The issue for Credit Suisse seems to be the same as with Morgans, a low-ball gold price assumption of $US1335/oz for the current quarter before a rise to $US1360/oz before Christmas and then a long slide back to $US1300/oz.

Those assumptions by Credit Suisse were also factors in sell tips on a number of other gold stocks, including Newcrest, which it reckons is heading for $20.30, and Evolution, which has a price target of $2.60 compared with its latest price of around $4.37.

It’s in the gold-price assumptions that the problem can be found because conservative bankers and brokers are often blinkered in their global view and can’t see that gold could be entering a period of high demand (and a rising price) because global interest rates have collapsed – and are still falling.

For any bankers or brokers reading this the lesson is remarkably simple; gold rises when US interest rates fall and gold falls when US interest rates rise, with a secondary force being exerted by other currencies, especially the euro.

No-one is currently tipping a rise in US interest rates as its economy feels the heat caused by the trade war with China, a trade war which last week knocked the stuffing out of Singapore’s economy, plunging it into a technical recession.

In the next few days the US central bank is expected to announce an interest rate cut of between 25 basis points (0.25%) and 50 basis points (0.5%) which will further lower the appeal of the US dollar and the Treasury Bonds issued by the US Government.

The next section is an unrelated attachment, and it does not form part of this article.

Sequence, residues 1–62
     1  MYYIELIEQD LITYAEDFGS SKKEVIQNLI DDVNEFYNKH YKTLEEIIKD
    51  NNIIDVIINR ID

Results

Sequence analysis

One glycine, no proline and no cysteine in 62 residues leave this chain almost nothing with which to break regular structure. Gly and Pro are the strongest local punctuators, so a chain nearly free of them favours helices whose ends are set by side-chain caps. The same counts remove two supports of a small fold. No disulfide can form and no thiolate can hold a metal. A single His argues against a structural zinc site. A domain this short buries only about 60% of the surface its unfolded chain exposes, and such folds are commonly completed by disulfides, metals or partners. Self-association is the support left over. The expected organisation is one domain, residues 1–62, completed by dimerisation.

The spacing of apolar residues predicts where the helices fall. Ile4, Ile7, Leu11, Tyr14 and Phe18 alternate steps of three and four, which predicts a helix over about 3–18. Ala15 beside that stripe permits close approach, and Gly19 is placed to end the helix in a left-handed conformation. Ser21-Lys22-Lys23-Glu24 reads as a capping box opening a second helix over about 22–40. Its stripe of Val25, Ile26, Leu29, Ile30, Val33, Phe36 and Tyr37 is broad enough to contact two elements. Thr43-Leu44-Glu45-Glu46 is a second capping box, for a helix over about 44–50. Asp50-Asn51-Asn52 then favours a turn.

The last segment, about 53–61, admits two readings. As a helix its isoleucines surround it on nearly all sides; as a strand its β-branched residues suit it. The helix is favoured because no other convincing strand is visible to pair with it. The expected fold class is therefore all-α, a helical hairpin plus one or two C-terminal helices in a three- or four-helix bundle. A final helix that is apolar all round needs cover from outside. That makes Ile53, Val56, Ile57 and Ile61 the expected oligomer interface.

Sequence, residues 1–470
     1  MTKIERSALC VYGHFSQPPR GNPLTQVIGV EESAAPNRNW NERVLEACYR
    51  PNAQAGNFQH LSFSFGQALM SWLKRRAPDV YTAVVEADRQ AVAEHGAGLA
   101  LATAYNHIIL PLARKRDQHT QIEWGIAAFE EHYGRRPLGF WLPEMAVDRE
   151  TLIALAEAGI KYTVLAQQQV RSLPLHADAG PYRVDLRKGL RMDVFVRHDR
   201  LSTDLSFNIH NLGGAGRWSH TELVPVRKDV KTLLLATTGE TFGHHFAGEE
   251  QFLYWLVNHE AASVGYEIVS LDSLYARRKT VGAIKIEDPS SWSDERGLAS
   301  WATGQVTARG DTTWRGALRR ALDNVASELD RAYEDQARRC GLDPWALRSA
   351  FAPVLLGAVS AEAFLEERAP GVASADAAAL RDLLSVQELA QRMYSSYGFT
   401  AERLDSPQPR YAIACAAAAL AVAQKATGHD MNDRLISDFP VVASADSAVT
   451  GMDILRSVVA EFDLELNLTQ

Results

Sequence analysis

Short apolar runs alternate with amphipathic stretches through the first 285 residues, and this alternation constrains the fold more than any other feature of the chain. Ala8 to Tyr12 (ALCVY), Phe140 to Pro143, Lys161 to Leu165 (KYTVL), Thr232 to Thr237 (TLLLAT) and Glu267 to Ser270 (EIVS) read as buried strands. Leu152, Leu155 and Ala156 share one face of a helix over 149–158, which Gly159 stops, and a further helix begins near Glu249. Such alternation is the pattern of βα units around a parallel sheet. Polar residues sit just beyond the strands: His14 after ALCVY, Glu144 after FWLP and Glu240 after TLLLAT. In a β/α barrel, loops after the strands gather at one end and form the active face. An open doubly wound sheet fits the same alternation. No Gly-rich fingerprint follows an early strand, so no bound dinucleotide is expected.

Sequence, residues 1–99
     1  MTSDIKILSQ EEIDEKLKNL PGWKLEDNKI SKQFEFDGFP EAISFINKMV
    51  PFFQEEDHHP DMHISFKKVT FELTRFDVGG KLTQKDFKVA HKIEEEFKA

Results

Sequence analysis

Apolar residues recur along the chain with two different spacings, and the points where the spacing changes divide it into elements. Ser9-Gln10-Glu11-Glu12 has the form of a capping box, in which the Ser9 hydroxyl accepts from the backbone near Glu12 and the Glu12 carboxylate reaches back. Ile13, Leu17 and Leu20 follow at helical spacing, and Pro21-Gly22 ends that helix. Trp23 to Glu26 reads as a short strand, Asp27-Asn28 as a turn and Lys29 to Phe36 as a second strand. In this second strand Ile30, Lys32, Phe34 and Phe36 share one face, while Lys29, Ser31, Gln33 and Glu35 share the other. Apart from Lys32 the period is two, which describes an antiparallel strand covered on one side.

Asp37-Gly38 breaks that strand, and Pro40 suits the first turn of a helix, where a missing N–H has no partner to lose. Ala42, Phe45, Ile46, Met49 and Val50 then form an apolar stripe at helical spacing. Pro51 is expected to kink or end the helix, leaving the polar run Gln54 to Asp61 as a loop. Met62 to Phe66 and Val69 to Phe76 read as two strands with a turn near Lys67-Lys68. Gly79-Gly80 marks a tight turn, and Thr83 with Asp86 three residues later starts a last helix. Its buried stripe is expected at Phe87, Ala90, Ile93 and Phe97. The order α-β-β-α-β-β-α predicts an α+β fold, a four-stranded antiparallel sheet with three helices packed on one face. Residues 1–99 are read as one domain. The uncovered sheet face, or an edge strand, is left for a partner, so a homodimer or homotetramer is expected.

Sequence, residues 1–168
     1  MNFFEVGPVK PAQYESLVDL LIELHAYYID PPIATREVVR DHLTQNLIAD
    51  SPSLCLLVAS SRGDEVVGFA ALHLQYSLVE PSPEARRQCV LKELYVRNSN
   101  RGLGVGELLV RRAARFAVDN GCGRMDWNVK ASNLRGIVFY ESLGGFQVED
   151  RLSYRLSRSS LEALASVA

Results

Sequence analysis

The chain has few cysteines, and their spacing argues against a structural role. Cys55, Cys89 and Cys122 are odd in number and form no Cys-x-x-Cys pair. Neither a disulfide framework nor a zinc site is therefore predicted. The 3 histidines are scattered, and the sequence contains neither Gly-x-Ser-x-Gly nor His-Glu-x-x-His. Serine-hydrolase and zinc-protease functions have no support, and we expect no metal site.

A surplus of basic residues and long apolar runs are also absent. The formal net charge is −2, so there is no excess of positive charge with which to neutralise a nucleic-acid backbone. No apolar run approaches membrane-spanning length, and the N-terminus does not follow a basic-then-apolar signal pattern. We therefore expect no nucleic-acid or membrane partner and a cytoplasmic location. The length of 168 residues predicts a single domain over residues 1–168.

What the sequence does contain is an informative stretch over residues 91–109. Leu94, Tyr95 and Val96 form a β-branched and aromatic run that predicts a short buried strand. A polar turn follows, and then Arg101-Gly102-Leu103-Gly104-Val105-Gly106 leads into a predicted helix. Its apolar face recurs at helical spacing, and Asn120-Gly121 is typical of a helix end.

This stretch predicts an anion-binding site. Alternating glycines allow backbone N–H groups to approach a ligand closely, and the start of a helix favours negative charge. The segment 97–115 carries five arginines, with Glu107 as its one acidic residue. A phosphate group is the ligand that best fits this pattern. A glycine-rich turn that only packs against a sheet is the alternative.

Europe would like to follow the US but as many of the interest rates in that region are already negative (investors pay for the privilege of parking their money somewhere safe), a European Central Bank preference might be for a return of quantitative easing (money printing).

And then there’s the big bazooka, Donald Trump, the US President who wants to “weaponise” the US dollar by lowering its value to aid US exporters, a step which would put a rocket under gold because investors would shift their dollar-exposed assets into safe havens such as the Swiss franc – and gold.

None of these comments is meant to be a criticism of banks and brokers who claim to not understand gold, but it is a suggestion that they look beyond their financial models at a wider world which is facing its toughest conditions since the 2008 global financial crisis.

And, if that isn’t sufficient reason to see gold as a global currency beyond the reach of governments, ask why most central banks continue to hold gold, and in many cases are buying more?

The answer to that question about central banks, especially Russia and China, is that they’re taking evasive action because they see the US dollar having nowhere to go but down thanks to the country’s massive debt load and the latest plan to use the dollar as a trade-war weapon.

As a final word, never let gold dominate an investment portfolio. Use it as a useful form of insurance for tough times – like now.